Having a clear out ? Don’t bin those football Programmes !

As a football fan, you might have collected your fair share of memorabilia in your time. But did you know that those programmes that are piling up on the shelf could be worth some serious spending money?

Take a look through our guide below and find out if you’re sitting on a hidden gem in your football programme collection:

Why do we have football programmes?

The Football League started in 1888 and was quickly followed by the first printing of football programmes. Unlike today, the aim of a programme was to keep score and it was made up of a single sheet detailing the teams and match date. The ‘Villa News and Record’ for Aston Villa was one of the first programmes to be published. Soon after, the football programme took on a weightier format of between four and eight pages, while the covers became more attention-grabbing and attractive. During and after World War II, a paper shortage cut the number of programmes that clubs could produce — making any that were released very collectible today.

Over time, programmes began to be printed on A4 instead of being pocket-sized, though clubs could still opt for the smaller variant. From a single sheet of basic info, the availability of saddle-stitch book printing and a growth in popularity turned football programmes into thick, glossy books crammed with trivia, statistics and high-resolution photos that fans loved to buy before every match. Today, the modern football programme stays true to its roots by giving spectators key details of players on each team. Although today, the programme can also act as a mouthpiece for the club in question, allowing managers and players to speak to fans via interviews and club statements.

Selling football programmes

For the right programme, collectors have been known to splash the cash. In 2012, a family from Ipswich managed to make around £46,000 by auctioning off a set of football programmes they stumbled across in their house, which goes to show how easy it is to not realise the treasure you have sitting around your home. Then, a few years ago, Sotheby’s New Bond Street auctioned off the oldest-known programme from a FA Cup final — Old Etonians vs Blackburn Rovers in 1882 — for £30,000, while a single-sheet programme from the 1909 FA Cup final between Manchester United and Bristol City went for £23,500 in 2012.

Let’s look at the rarest prints people are scouting for. Perhaps you have one in your collection!


Rare football programmes

Consider that programmes are a record of the day itself. The more important the match, the more important the programme. If you’re looking for a significant, collectible item; try finding the first Wembley final programme from 1923, which details the match between Bolton and West Ham United and is worth around £1,000. Alternatively, there’s the programme from the one and only time a non-English club lifted the FA Cup — Cardiff City vs Arsenal in 1927 — which ended with a score of 1-0 and has a value of about £2,500!

The 1966 England vs West Germany programme always a hit with collectors. But be warned; there were three reprints of the original, so tracking down a bona fide version is tough. If you want to be sure you’re buying an original, check the weight and colouring — the reprints are more lightweight, while the front cover of the original is a deep, royal blue. Different paper types are also used for the team pages in the original, but not in the reprinted versions.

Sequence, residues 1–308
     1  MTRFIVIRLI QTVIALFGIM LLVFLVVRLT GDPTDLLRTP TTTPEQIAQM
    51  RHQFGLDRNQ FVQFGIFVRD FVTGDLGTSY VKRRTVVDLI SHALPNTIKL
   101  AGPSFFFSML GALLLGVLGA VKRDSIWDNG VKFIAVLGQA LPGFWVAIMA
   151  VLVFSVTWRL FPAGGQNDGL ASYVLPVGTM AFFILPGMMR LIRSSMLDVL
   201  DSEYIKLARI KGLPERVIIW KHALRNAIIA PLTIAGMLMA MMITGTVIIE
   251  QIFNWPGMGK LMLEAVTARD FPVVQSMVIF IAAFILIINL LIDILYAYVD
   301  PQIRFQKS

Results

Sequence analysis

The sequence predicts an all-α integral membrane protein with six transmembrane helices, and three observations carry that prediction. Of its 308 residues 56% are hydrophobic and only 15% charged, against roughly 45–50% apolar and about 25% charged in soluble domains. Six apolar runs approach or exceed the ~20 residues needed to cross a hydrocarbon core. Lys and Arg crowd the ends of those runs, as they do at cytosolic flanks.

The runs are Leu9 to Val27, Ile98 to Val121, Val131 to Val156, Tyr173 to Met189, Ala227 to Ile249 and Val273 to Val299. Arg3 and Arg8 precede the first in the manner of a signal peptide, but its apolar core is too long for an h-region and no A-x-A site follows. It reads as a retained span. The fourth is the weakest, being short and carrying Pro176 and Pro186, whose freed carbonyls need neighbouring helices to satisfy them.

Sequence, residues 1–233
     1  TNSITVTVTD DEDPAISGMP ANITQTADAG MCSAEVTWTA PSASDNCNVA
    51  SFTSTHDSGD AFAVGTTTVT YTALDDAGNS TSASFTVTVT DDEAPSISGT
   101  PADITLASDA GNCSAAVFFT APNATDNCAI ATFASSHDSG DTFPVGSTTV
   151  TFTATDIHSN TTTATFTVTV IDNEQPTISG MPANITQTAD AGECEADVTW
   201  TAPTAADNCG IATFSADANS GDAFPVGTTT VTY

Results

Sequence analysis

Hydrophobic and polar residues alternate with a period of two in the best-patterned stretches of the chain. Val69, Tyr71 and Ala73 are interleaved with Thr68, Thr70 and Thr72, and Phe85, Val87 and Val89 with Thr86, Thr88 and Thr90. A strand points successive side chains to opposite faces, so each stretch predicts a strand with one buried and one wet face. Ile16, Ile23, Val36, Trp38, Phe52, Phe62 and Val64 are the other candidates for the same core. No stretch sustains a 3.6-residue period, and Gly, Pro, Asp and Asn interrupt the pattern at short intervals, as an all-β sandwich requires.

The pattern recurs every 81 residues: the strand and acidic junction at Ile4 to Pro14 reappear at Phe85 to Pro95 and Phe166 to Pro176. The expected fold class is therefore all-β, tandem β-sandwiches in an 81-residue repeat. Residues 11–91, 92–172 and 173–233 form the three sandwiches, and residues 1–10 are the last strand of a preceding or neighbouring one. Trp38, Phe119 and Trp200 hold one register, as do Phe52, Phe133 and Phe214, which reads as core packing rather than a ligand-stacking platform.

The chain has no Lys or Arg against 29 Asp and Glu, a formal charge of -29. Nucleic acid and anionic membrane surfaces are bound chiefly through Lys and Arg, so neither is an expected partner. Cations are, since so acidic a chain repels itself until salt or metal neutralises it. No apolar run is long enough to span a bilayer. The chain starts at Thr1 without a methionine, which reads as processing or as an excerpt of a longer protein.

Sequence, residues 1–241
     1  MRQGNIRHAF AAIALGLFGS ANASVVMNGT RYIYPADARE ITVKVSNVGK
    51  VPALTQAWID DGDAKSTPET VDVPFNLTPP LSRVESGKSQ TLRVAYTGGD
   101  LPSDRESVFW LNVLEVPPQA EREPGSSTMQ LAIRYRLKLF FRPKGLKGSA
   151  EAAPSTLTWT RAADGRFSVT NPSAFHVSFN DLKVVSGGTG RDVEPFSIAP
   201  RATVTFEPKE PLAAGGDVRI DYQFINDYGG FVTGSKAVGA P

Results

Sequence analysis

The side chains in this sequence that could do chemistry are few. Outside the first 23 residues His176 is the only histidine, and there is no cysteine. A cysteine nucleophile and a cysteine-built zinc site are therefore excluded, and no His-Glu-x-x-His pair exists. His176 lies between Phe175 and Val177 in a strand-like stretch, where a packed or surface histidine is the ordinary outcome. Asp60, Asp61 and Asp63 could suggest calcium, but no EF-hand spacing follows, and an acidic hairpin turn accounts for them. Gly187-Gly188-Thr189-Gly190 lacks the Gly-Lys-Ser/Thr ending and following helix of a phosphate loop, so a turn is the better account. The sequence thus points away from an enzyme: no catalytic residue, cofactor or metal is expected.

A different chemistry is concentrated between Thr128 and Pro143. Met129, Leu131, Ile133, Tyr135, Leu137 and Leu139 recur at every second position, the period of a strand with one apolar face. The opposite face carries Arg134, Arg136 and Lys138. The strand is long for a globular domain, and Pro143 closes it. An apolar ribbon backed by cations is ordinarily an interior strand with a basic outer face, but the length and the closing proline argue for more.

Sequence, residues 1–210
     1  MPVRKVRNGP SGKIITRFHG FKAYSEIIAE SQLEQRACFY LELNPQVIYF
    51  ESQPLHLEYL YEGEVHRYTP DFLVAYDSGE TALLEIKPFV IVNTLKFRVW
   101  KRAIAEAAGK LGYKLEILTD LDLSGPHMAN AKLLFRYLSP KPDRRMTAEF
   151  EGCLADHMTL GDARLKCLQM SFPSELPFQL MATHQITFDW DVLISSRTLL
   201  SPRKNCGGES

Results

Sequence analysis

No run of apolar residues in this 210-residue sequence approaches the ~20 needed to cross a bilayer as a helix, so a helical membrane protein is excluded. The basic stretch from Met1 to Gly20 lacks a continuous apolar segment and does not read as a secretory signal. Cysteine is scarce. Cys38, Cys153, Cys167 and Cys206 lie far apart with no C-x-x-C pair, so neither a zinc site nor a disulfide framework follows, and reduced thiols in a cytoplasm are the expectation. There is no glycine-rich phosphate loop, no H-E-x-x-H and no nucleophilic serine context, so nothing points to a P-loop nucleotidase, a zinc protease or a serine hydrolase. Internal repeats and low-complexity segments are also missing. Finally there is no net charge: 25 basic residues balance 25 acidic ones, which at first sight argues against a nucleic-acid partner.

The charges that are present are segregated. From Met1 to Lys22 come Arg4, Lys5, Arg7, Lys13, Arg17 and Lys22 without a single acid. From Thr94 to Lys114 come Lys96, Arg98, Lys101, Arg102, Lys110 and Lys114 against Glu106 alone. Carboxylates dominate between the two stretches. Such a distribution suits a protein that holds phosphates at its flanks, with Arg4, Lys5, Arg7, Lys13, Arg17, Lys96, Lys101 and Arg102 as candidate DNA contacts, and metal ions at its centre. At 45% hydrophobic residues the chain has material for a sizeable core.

Games that were cancelled may sometimes have programmes printed that are considered a rarity. The game that was cancelled following the 1958 Munich air disaster (Manchester United vs Wolverhampton Wanderers) can go at auction for around £10,000, or the programme for the first match following the tragedy — the 19th of February 1958’s game between Manchester United and Sheffield Wednesday. In this programme, the club showed respect to those involved in the disaster by leaving the team page blank.

Though they don’t go for thousands, there are other more cost-effective collectible programmes out there too. Examples include a wartime England vs Wales international programme — which once sold for £750 — a 1932 Arsenal vs Manchester City — which reportedly made £520 — and a 1931 Exeter vs Leeds copy — which reached a decent £500.


Things to look out for

Here are some key features to consider for potentially valuable programmes:

  • Age — anything over 50 years old is most collectible.
  • Rarity — if there are many available, this will bring the value down.
  • Popularity — programmes with an iconic footballer on the cover or detailing a famous match are the most prized and valuable.
  • Condition — creases, missing staples and water damage all harm the programme’s price, so ask for a photo before you pay.


Programmes for FA Cup finals tend to hold value, as do any booklets that were perhaps the first or final edition of a player’s/manager’s career (i.e. the last game David Beckham played for Manchester United).

Particular teams can also have a tendency to have higher-value programmes. Sides such as Manchester United, Chelsea, Liverpool, Spurs, West Ham, and Arsenal are all highly sought after and are worth keeping an eye out for if you want a particularly valuable item. The Football Programme Centre is also a good source of advice if you’re keen on becoming a serious collector.

Most football fans tend to pick up a programme, so you may very well have picked up a rarity along the way. So, why not keep yourself football-focused by learning more about the hobby?

This article was researched and created by Where The Trade Buys, a leading UK supplier of marketing tools such as bollard signs.